Baptist History Homepage

In doctrine he agreed with Andrew Fuller. In preaching, he was plain, simple and unaffected, yet wonderfully charming and attractive, pleasing alike the learned and illiterate. . . . In the whole manner of his preaching, he probably resembled the famous George Whitfield more than any other known orator. - J. H. Spencer

KY & MO Frontier Baptist Minister
By J. H. Spencer

Jeremiah Vardeman was the second pastor of Crab Orchard Church. He was probably the most effective pulpit orator, and the most successful preacher that ever lived in Kentucky. His father was a Swede, his mother a native of Wales. John Vardeman, sr., with his young family, emigrated from Sweden to South Carolina, in the early part of the 18th century. He was a member of the Lutheran church, but joined the Episcopal church, in South Carolina, and was esteemed for his piety and moral worth. His descendants reported that he died at the age of one hundred and twenty-five years.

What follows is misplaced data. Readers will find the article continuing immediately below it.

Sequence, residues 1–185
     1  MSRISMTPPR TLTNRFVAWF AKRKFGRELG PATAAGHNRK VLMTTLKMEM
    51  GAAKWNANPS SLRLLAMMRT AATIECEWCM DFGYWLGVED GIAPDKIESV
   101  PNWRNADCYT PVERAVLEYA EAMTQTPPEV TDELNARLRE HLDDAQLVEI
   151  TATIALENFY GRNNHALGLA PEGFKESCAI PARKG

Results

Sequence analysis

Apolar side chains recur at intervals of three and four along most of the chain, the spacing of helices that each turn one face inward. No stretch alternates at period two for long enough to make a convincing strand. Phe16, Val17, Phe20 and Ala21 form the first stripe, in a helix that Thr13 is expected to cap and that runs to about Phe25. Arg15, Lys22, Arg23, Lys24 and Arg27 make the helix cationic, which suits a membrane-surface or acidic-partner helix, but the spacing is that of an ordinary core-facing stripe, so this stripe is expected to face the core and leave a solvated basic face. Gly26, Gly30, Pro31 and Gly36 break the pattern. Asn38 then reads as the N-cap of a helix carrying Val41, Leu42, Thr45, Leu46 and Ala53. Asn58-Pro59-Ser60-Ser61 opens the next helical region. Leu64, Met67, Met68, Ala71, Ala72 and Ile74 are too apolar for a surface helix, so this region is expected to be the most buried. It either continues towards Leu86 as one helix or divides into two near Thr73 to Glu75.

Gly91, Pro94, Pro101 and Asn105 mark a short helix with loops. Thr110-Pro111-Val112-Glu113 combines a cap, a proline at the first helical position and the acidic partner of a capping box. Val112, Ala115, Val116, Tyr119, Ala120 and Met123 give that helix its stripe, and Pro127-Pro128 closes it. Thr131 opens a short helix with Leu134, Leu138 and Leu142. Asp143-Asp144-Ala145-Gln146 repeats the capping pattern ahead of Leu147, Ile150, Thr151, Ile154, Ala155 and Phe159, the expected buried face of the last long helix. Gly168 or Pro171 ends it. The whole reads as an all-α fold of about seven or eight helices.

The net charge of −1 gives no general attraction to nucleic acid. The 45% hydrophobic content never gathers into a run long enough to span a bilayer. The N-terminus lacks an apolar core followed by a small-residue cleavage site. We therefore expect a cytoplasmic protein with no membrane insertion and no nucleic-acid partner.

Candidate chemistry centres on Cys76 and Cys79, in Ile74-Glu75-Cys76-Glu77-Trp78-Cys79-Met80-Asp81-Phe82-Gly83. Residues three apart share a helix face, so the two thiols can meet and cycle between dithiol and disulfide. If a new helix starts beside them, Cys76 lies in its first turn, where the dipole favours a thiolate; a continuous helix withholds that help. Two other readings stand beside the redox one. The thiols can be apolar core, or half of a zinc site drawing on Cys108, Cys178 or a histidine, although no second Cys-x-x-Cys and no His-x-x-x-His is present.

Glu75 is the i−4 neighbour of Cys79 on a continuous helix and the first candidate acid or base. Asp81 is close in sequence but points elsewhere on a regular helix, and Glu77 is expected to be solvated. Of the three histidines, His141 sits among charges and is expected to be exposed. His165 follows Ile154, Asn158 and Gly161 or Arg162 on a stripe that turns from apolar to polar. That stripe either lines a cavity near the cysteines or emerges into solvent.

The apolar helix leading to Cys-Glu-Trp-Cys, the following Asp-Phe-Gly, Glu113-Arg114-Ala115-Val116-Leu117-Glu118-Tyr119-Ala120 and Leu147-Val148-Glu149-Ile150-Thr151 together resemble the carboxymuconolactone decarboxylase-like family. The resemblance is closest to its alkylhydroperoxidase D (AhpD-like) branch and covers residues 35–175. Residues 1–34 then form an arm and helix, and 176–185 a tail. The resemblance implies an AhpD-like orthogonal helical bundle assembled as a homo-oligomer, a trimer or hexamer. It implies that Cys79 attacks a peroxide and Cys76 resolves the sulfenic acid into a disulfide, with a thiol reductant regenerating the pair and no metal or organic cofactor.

His son, John Vardeman, jr., was also born in Sweden. He came with his parents to South Carolina when he was seven years old. He married Elizabeth Morgan, a native of Wales, in South Carolina. Soon after his marriage, he moved to Bedford county, Virginia. While living here, he and his wife professed religion and united with a Baptist church. About 1767, he moved farther west, and settled on New river, and, ten years later, pushed still farther into the southwest corner of Virginia, and settled on Clinch river in what is now Russell county. Here he was compelled to move into a fort to protect his family from the Indians. But he did not long remain here. Again he moved on westward, and, in the fall of 1779, settled in Lincoln county, Kentucky, near the present town of Crab Orchard. This was two years before Lewis Craig settled on Gilberts creek, with his traveling church.

Here John Vardeman and his older sons were compelled to take part in the numerous wars with the Indians, that gave exciting and hazardous employment to the early settlers, for a period of nearly twenty years after his settlement in Kentucky. But he did not become indifferent to his religion. He kept up family worship, and, when a church was organized near him, became a member of it. He and his wife were probably members of old Gilberts Creek church, and it is certain